“What can you to say to reassure me…that I will be able to sufficiently support myself after I graduate?”
–Jeremy Epstein, 20-year-old exercise science major at Adelphi University asking the first question at the second presidential debate of 2012.
In his response to Jeremy, Governor Romney rightly pointed out that there are two ways to tackle this problem. One is through job creation. The other is through the cost of higher education. Unfortunately, Romney then referenced a Massachusetts program that gives scholarships to students receiving marks in the top 25% on the state’s high school exit exam. While that might relieve some financial burden for top high school students, it is by no means a systemic solution since it offers nothing for the other 75% of students.
Human capital investments are particularly challenging. For the borrower, it is uncertain whether he’ll be good at the skill he is seeking to acquire and uncertain what skills will be valued in the future. Unlike in the capital market where an individual can diversify his holdings to mitigate risk, in the labor market an individual has to make employment decisions with long-lasting consequences and limited ability to diversify. For the lender, it is also uncertain whether the borrower will earn sufficient income to pay back his loan. But there is the added worry that if he doesn’t, there is no collateral he can seize. Doing so would at best be indentured servitude; at worst, slavery.
In response to these challenges, the U.S. and Australia have taken different approaches to higher education finance. In the U.S., colleges and universities set tuition with little price differentiation based on the value of the degree one is seeking. Jeremy’s exercise science degree would have cost him the same as an economics one, despite the varying value of the degrees.
To assist students in financing their education, the U.S. government offers grants and loans based on financial need. The loans are mostly non-dischargeable, meaning that they cannot be reduced or eliminated in bankruptcy. Students can apply for deferrals or grace periods but interest and fees continue to accumulate during this time.
Under the American system, the longer it takes you to pay off the degree, the more the degree costs. For students from poor families or for those with lower-paying careers this blunts the return they would otherwise get on their degree. This creates drag on social mobility.
The Australian system looks quite different. Degrees are priced on a combination of their market value and national priorities. For example, high-returning medical, law, and economics degrees cost ~1.7x more per term than lower-returning education and nursing degrees. Australia further sets national priorities—in mathematics, statistics, and science—and prices these national priority degrees even lower than the nursing and education degrees.
Australian students have three options to pay for their degrees:
- They can pay upfront tuition at a 10% discount;
- Pay a portion upfront at a 10% discount and the rest in income-contingent loans; or
- Pay the entirety in income-contingent loans.
An income-contingent loan is what it sounds like—a loan whose repayment terms vary with a borrower’s income.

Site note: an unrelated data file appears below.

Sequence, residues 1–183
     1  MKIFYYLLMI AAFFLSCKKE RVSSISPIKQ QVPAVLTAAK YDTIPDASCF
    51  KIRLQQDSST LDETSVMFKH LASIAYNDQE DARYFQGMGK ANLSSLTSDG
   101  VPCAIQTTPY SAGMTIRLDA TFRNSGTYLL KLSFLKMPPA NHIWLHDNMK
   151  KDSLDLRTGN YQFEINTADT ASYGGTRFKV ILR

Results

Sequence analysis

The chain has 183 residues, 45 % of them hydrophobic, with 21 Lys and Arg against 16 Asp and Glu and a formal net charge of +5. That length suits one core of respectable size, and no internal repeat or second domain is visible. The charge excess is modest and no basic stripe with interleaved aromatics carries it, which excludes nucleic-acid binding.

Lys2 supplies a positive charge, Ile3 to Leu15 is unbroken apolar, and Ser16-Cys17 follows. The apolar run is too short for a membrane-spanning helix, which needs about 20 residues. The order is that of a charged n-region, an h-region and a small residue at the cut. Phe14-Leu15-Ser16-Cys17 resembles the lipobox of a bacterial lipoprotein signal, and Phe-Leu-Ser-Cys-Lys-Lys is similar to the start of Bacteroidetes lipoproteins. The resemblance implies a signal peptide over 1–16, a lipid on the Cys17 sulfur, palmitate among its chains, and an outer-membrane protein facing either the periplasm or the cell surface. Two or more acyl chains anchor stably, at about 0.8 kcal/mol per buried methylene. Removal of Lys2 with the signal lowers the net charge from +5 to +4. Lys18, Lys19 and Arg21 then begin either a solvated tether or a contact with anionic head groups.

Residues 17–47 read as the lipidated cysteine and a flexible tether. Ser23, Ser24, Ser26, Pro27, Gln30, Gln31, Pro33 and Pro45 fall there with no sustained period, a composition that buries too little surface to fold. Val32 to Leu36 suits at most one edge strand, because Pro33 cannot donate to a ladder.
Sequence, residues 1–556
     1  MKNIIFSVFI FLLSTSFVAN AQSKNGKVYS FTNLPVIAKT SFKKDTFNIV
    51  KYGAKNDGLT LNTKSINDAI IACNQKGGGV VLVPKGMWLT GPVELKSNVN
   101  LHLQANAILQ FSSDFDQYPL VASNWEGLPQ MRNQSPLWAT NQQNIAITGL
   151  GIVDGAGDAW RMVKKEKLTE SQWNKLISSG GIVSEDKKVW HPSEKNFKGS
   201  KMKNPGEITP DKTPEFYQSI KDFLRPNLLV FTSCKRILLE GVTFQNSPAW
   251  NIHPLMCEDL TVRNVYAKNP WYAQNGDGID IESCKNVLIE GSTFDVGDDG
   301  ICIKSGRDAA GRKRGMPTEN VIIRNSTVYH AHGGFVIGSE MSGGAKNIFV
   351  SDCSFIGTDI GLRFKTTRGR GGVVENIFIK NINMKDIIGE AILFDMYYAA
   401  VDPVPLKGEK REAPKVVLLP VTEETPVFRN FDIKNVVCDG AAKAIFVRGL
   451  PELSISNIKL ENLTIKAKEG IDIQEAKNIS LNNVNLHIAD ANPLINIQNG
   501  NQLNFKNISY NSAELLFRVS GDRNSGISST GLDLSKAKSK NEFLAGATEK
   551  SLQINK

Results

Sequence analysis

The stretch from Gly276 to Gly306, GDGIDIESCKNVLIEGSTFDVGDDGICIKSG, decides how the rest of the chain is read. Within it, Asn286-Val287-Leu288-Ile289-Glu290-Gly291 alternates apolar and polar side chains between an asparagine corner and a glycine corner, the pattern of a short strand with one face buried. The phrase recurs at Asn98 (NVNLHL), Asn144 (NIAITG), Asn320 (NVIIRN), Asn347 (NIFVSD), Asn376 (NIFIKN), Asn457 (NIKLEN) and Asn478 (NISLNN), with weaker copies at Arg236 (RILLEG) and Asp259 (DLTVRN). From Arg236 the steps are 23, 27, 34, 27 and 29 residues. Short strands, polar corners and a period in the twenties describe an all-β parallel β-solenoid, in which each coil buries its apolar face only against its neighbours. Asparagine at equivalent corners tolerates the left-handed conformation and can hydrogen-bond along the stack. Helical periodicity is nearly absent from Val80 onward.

Australian students don’t begin to repay their loans until their income exceeds US$51,135. If their income dips because they go back to graduate school or can’t find a job or any other reason, they don’t pay anything until their income is back above this threshold. No fees or interest accumulate during this time. When income is above the required threshold, repayment ranges from 4% to 8% of income, increasing as income increases. Because of this, the more money a borrower earns, the faster he pays off his loan.
Australian student loans are indexed to their consumer price index and therefore have a 0% real interest rate. Yet because of the time value of money, a dollar today is worth more than a dollar tomorrow. The time value of money means that the longer it takes a borrower to pay off his degree (on a zero real interest loan), the less the degree costs. Under the Australian system, those taking longer to repay and therefore paying less are those who earn the least.
Exhibit A: Real cost of a $25,000 college loan under US and Australian systemsA hypothetical U.S. student with US$25,000 debt at graduation who doesn’t make any payments for ten years has a higher loan burden at the end of this period than an Australian student with the same amount of debt. Nominal interest rates above inflation increase the cost of U.S. degrees over payback length, while the time value of money decreases the cost of Australia’s zero-real interest degrees.
We are all born with an endowment of human capital that was not of our own making. We can improve upon it. But we have to invest to do so, often without knowledge of what the future will look like or of whether we’ll be good at the skill in which we’re investing. A higher education finance system can be agnostic as to career decisions or give clear signals as to the market viability of a degree. A higher education finance system can make things easier when times are hard or can make things harder when times are hard. Australia’s experience shows that there is more the American higher education finance system can do to answer Jeremy’s question.
Sarah Dillard is a human capital expert based in Washington, DC. Her writings can be found at A Human Capitalist . She is currently working for a venture capital client, advising them on their education investments. She previously co-founded the National Math and Science Initiative and served as Special Advisor to the U.S. Assistant Secretary for Planning, Evaluation, and Policy Development. She is a graduate of Duke University, the Harvard Kennedy School, and the Harvard Business School. She started her career at Bain & Company.